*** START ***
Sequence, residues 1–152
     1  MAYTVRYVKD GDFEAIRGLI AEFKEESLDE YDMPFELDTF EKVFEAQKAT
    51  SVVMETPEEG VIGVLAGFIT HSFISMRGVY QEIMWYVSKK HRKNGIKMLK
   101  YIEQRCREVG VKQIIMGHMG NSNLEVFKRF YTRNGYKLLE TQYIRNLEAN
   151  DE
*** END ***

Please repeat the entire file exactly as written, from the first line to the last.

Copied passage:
Sequence, residues 1–152
     1  MAYTVRYVKD GDFEAIRGLI AEFKEESLDE YDMPFELDTF EKVFEAQKAT
    51  SVVMETPEEG VIGVLAGFIT HSFISMRGVY QEIMWYVSKK HRKNGIKMLK
   101  YIEQRCREVG VKQIIMGHMG NSNLEVFKRF YTRNGYKLLE TQYIRNLEAN
   151  DE